Connecting state and local government leaders
STATE AND LOCAL ROUNDUP | Federal judge’s warning to Utah … N.C. mosquito funding … and Atlantic City’s economic incentives approval.
Good morning, it’s Friday, Sept. 28, 2018. Internet access leads Route Fifty’s state and local government news roundup, but croll down for more from places like Vancouver, Washington; Atlantic City, New Jersey; and Kent County, Michigan.
STATE GOVERNMENT | In a 125-page special examination released Thursday, Kentucky State Auditor Mike Harmon found that the KentuckyWired high-speed internet access system “isn’t projected to be done until 2020 and will cost taxpayers almost $1.5 billion over its 30-year life.” [Lexington Herald Leader]
- Salt Lake City, Utah: A federal judge ruled Wednesday that Utah’s state government must pay nearly $500,000 in attorneys fees “in the alcohol, sex and First Amendment case involving Brewvies Cinema Pub and its screening of the film ‘Deadpool,’” and warned the state’s attorney general and legislature that “passing and defending an unconstitutional law can prove costly.” [The Salt Lake Tribune]
- Sacramento, California: Among the big ballot initiatives California voters will consider in November is Proposal 10, which if passed, “cities up and down the state will instantly regain broad authority to regulate rents as they see fit, including placing rent controls on apartments built after 1995, which is currently prohibited under existing state law.” [The Sacramento Bee]
- Des Moines, Iowa: State insurance officials have issued cease-and-desist letters to companies in Pennsylvania and Texas they accuse of selling “fake insurance plans” in the Hawkeye State. [Radio Iowa]
- Raleigh, North Carolina: Gov. Roy Cooper has allocated $4 million in funding for mosquito control following Hurricane Florence. [Gov. Roy Cooper’s Office]
LOCAL GOVERNMENT | In Grand Rapids, Michigan, the Kent County Board of Commissioners has a new policy that bars most of the public from being in the same room when they meet. Individuals who want to make a comment before the commission must write down their comments, which are “handed to a staff member and then they're ushered in one-by-one, past more deputies and an ad hoc camera recording the entrance to the commissioners' chambers.” [The Grand Rapids Press / MLive.com]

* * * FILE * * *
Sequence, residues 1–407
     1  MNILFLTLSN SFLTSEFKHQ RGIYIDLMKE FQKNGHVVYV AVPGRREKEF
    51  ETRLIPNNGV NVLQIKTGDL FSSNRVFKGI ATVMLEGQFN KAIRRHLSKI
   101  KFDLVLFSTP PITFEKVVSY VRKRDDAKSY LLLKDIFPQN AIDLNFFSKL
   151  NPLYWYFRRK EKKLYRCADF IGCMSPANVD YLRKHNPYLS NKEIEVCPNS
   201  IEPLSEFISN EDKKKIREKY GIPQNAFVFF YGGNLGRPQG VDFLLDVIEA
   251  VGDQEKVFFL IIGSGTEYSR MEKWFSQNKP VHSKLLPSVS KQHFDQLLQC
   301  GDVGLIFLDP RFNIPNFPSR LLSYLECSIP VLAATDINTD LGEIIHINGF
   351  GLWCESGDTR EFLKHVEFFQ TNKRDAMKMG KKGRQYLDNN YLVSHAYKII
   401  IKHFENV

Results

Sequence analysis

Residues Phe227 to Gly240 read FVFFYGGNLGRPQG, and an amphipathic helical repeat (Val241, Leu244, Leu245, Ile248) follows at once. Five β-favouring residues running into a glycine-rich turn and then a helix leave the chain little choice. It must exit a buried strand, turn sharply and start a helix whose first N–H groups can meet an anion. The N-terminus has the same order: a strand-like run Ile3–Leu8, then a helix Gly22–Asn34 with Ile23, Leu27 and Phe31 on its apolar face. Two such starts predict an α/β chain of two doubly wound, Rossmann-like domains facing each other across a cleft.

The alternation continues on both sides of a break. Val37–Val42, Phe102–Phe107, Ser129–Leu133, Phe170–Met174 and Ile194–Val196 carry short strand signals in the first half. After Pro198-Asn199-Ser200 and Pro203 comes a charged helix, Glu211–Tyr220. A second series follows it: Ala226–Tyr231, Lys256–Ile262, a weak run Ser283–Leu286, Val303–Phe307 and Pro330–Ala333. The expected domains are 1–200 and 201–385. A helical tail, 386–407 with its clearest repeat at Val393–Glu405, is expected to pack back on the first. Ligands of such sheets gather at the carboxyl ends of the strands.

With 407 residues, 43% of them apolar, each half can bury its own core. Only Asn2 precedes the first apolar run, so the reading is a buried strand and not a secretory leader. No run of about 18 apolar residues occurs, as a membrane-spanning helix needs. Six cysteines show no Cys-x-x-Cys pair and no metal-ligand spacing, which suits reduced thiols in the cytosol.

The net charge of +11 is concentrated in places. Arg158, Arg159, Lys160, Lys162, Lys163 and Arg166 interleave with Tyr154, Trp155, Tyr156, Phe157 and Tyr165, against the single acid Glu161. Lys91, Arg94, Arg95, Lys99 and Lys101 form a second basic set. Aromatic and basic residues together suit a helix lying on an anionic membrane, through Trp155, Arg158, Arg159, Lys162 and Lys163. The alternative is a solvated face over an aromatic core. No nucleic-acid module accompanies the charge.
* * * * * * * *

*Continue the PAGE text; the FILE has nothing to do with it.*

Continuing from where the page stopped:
- Vancouver, Washington: The mayor of this city across the Columbia River from Portland, Oregon has an even more extensive freeway tolling plan that goes beyond what has been proposed by the Oregon Department of Transportation for Interstates 5 and 205 in the Portland area. Vancouver Mayor Anne McEnerny-Ogle wants to toll the freeways on the Washington side of the river to help fund the badly needed replacement of the aging Interstate Bridge, which carries Interstate 5 over the river. [Oregon Public Broadcasting]
- Madison, Wisconsin: A proposed $320,000 expansion of an emergency mobile mental crisis program in Dane County is “the largest increase in frontline mental health resources in county history.” [The Capital Times / Madison.com]
- Atlantic City, New Jersey: The New Jersey Economic Development Authority has OK’d a proposal from Mayor Frank Gilliam to “extend two improvement incentives to all businesses in Atlantic City.” [The Press of Atlantic City]
- Atlanta, Georgia: A $2.7 billion proposal to expand the MARTA transit network will be going before the transit agency’s Board of Directors on Oct. 4, which includes new light rail lines among other investments. But the envisioned plan needs additional funding to make it a reality. “The More MARTA Atlanta program will go a long way towards addressing the pent-up demand, particularly for the core of the system, but there are other quality transit projects that will require additional funding in the years to come,” the MARTA Board of Directors wrote in a letter to Mayor Keisha Lance Bottoms. [Atlanta Journal Constitution]
Michael Grass is Executive Editor of Government Executive's Route Fifty and is based in Seattle.